Before I complain about Chris Christie, the governor of New Jersey, I want to say that I love him. I love that right before Hurricane Sandy, when the people in Atlantic City wouldn't evacuate, he screamed on television: "Get the hell off the beach!" That screamed authenticity to me.
I was so happy when there was a convergence of two of my favorite things: People magazine and Chris Christie. The article is basically Christie's PR team introducing him to the Iowa voter. But his PR team blew it when they decided that the way to show that he is a good dad is that he does homework with his kids.
The kids don't want to do the homework, because if they did, they wouldn't want help. And Christie doesn't want to do homework, because it doesn't help him advance his person power. So he is spending time doing stuff with his kids that no one wants to do. And somehow we have convinced ourselves that this is what good parenting is.
It's messed up. People want to feel useful, even kids, and the act of parent and child doing homework together is damaging to both parties because they know it's useless because they hate it. But also, its damaging because what the parent is really modeling is, "It's okay to just go through the motions of being together. And that "Doing something stupid is fine. Pretending it's not stupid is fine. Pretending it's emotionally satisfying is fine because we can subvert our real emotional needs to the needs of the education system."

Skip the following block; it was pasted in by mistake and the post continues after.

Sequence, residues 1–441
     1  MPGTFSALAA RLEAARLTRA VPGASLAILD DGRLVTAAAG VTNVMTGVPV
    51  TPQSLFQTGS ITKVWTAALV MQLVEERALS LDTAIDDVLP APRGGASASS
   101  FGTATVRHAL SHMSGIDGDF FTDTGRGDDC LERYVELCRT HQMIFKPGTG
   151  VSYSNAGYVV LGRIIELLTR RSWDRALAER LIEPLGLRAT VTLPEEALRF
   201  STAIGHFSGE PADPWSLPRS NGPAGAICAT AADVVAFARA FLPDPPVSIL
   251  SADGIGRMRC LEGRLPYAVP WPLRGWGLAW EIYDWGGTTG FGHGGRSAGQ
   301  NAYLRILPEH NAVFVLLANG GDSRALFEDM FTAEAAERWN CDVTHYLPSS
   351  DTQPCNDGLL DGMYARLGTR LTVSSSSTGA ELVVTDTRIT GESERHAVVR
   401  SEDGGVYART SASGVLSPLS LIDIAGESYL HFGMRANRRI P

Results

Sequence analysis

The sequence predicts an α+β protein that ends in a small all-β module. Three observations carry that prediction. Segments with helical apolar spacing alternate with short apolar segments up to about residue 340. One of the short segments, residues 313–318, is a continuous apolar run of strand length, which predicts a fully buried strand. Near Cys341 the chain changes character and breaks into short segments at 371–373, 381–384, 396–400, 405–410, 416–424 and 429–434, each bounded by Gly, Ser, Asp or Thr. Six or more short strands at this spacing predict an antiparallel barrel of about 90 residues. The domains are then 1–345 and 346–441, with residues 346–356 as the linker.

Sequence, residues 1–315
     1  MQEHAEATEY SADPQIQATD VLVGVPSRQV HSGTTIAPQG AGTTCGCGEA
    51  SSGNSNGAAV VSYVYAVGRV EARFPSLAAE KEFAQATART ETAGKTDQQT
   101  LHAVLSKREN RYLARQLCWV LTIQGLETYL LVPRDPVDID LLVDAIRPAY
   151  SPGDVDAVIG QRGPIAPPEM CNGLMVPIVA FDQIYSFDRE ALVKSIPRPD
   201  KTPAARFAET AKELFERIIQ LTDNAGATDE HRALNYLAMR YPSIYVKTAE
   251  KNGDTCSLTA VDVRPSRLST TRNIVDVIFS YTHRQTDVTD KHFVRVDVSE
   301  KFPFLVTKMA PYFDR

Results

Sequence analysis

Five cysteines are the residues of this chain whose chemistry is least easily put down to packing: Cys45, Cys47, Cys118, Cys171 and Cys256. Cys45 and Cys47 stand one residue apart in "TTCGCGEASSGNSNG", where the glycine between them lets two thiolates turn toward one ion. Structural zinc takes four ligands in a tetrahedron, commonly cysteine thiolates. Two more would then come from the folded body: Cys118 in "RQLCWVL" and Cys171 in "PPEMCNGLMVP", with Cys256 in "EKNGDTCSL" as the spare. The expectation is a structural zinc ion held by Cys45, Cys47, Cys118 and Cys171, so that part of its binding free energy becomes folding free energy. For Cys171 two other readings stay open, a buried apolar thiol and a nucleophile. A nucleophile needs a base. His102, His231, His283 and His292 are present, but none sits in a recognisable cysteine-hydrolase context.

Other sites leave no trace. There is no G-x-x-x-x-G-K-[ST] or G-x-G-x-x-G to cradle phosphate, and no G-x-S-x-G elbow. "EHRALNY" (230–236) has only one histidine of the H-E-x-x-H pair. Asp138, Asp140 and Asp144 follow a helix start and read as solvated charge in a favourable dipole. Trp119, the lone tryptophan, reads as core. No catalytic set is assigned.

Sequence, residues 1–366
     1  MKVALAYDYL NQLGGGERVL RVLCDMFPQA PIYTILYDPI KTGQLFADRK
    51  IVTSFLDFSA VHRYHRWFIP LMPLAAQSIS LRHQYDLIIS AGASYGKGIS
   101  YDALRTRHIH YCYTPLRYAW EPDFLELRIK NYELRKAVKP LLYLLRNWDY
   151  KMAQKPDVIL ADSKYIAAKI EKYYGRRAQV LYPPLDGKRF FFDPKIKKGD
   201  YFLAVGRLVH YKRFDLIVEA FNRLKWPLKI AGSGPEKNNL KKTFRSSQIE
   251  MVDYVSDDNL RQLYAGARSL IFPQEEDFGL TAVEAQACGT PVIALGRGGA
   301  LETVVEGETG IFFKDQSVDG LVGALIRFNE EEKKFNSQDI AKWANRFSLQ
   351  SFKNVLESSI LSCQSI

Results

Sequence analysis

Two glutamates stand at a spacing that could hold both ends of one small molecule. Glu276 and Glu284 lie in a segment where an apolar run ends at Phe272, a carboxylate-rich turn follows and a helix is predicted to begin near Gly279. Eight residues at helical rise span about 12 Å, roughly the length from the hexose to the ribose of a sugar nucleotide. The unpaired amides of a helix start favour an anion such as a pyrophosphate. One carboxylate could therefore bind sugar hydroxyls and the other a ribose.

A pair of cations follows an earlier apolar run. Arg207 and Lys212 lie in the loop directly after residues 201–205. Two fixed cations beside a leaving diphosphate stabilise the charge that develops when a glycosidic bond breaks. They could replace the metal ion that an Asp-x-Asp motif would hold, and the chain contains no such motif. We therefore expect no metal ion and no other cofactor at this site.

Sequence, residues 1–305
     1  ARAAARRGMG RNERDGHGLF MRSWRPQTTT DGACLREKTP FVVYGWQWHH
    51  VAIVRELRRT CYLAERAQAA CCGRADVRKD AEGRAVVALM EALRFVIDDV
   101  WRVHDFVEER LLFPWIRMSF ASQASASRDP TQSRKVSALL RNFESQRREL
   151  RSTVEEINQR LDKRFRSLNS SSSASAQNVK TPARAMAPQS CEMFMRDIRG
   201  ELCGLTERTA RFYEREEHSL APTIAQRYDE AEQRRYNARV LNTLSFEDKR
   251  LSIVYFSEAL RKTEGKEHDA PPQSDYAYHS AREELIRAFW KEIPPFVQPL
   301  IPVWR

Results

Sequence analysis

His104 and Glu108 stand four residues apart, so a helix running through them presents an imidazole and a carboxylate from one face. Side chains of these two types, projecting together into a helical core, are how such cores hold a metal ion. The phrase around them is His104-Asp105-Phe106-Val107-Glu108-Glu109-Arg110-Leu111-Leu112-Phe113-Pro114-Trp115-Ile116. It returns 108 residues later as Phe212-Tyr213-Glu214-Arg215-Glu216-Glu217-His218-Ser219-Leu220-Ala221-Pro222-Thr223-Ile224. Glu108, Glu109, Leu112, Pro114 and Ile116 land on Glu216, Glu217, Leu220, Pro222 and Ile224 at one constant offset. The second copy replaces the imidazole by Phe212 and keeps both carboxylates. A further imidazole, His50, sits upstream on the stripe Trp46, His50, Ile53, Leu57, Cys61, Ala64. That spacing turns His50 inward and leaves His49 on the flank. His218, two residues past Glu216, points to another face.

But look: kids come home from school and they eat and do homework and sleep. When do they do family? Christie is a governor—he doesn't have a lot of time with the kids, so the time should at least be doing something they like. We back ourselves into a corner so that we have to convince ourselves that a measure of good parenting is if you do homework. It's sad that parents are so trapped. Even parents as powerful as Chris Christie.